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Arrest and Trial
September 15, 1963 – September 6, 1964
(30) ninety minute episodes (one season)
in B&W on ABC
Produced by: Frank P. Rosenberg with Revue Studios and Universal TV
- Ben Gazzara … Det. Sgt. Nick Anderson
- Roger Perry … Det. Sgt. Dan Kirby
- Noah Keen … Det. Lt. Bone
- Chuck Connors … Attorney John Egan
- John Larch … Deputy DA Jerry Miller
- John Kerr … Assistant Deputy DA Barry Pine
- Don Galloway … Mitchell Harris
- Joe Higgins … Jake Shakespeare
- Joanne Miya … Janet Okada
The format of Arrest and Trial was certainly unique for the time, consisting of two 45 minute segments tied together primarily by the criminal. The first part followed a trio of Los Angeles detectives as they solved crimes and arrested the bad guys.
With a heavy weight like Ben Gazzara as Det. Sgt. Nick Anderson, aided by Roger Perry as Det. Sgt. Dan Kirby and Noah Keen as Det. Lt. Bone the streets never seemed safer. This portion had all of the necessary elements to be a stand alone police drama.
Here comes the twist, after the arrest, the trial part of the show takes over for the next 45 minutes. The star of this segment was actually the defense attorney John Egan portrayed by Chuck Conners who was a huge tv star after a successful 5 year run on The Rifleman. On the other side of the room were the District Attorneys Jerry Miller (John Larch) and Barry Pine (John Kerr).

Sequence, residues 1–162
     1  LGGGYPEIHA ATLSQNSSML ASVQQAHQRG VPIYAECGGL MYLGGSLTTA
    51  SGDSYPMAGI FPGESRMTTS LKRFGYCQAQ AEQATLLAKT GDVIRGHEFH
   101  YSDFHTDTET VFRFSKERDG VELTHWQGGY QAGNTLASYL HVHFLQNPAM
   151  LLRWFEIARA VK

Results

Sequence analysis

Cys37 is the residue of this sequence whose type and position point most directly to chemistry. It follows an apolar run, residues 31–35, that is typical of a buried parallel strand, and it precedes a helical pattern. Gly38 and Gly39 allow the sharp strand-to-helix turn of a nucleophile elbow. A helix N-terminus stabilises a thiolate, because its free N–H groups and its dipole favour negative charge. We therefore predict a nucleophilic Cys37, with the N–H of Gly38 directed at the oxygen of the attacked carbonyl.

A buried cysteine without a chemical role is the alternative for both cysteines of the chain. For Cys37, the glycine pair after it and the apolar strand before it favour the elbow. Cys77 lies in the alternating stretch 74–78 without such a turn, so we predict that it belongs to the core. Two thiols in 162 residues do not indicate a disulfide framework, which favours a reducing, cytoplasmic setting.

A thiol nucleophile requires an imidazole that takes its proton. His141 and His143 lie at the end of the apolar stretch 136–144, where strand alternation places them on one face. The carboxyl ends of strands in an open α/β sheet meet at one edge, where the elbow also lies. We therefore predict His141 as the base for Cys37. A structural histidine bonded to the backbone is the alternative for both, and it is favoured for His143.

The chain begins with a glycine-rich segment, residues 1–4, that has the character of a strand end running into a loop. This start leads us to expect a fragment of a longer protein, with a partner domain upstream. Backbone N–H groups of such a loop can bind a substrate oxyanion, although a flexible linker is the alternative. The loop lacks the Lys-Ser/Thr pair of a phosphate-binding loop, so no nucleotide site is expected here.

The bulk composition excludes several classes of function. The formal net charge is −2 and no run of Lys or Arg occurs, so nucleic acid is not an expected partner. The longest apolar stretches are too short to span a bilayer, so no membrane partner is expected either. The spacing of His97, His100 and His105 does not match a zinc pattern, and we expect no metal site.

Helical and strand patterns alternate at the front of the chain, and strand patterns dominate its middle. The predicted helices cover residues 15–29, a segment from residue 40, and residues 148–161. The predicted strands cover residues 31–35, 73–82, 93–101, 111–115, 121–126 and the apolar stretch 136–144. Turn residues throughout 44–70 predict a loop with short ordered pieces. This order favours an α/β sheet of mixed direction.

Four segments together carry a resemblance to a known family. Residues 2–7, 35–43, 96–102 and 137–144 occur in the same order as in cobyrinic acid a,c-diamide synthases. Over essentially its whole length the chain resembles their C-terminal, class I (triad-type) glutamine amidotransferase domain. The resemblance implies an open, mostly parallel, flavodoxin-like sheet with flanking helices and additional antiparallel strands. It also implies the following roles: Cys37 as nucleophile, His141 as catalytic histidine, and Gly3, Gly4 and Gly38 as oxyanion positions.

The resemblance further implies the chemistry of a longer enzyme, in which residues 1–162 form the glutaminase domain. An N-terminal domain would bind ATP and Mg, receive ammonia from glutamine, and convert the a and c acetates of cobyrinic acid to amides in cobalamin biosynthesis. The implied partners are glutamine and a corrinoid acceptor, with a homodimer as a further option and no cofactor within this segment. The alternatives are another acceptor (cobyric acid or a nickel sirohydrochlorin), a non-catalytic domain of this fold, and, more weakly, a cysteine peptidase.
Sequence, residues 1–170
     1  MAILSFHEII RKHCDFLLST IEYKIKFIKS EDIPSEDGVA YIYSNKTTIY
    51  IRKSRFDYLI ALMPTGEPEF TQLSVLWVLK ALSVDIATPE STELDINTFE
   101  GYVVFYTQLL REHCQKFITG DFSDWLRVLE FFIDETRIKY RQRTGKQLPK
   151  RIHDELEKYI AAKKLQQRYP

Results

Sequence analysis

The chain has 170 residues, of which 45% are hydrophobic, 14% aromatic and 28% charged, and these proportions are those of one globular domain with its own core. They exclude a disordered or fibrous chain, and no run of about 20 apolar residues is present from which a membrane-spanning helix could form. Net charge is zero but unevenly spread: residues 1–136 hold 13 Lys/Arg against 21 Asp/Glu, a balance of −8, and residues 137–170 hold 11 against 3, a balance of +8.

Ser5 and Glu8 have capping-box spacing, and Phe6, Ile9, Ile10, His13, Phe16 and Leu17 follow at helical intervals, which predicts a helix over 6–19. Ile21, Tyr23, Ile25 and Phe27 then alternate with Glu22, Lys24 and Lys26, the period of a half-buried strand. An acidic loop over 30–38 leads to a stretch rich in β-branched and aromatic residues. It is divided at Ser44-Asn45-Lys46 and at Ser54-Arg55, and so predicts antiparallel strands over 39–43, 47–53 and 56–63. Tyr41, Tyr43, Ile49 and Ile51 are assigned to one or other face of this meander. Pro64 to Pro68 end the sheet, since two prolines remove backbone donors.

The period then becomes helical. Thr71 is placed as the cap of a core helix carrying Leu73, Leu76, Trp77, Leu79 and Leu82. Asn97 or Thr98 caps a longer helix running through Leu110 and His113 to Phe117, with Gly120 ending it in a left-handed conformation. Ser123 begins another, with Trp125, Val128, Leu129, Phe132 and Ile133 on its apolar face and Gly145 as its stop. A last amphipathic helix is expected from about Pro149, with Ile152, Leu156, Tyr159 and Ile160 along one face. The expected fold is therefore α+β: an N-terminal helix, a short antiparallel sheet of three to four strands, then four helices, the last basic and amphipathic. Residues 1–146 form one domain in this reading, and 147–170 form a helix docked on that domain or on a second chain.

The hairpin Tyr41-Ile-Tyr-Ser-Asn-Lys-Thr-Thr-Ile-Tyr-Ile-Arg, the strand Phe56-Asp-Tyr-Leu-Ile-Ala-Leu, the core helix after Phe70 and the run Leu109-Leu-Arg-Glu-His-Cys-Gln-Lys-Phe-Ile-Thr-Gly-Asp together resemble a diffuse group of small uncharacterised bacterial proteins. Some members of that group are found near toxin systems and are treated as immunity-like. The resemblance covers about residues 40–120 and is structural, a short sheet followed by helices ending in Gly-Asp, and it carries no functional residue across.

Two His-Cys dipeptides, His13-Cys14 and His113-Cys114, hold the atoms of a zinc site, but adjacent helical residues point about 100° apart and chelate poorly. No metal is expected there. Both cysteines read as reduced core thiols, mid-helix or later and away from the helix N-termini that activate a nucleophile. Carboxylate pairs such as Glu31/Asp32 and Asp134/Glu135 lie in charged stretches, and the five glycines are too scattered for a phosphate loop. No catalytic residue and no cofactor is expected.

Just because Chuck Conners was defending them doesn’t mean that the criminals always got off. Justice prevailed and the innocent were freed with the guilty being sent to the big house.
At this point I’m sure you’re scratching your head and saying wait a minute that sounds like Law & Order and it was with the exception that Law & Order focused just on the police and the district attorney whereas Arrest and Trial also focused on the defense side of the equation.
Video Clip of Arrest and Trial
Chuck Conners died in 1992 of lung cancer, he was 71
John Larch died in 2005 of natural causes, he was 91
Don Galloway died in 2009 of a stroke, he was 71
Executive Producer Dick Wolf claims that he had never seen Arrest and Trial when he created “Law & Order”. In his defense, although the split format is the same the two shows have very little in common as far as content or focus. We’ll just chalk this one up to deja vu.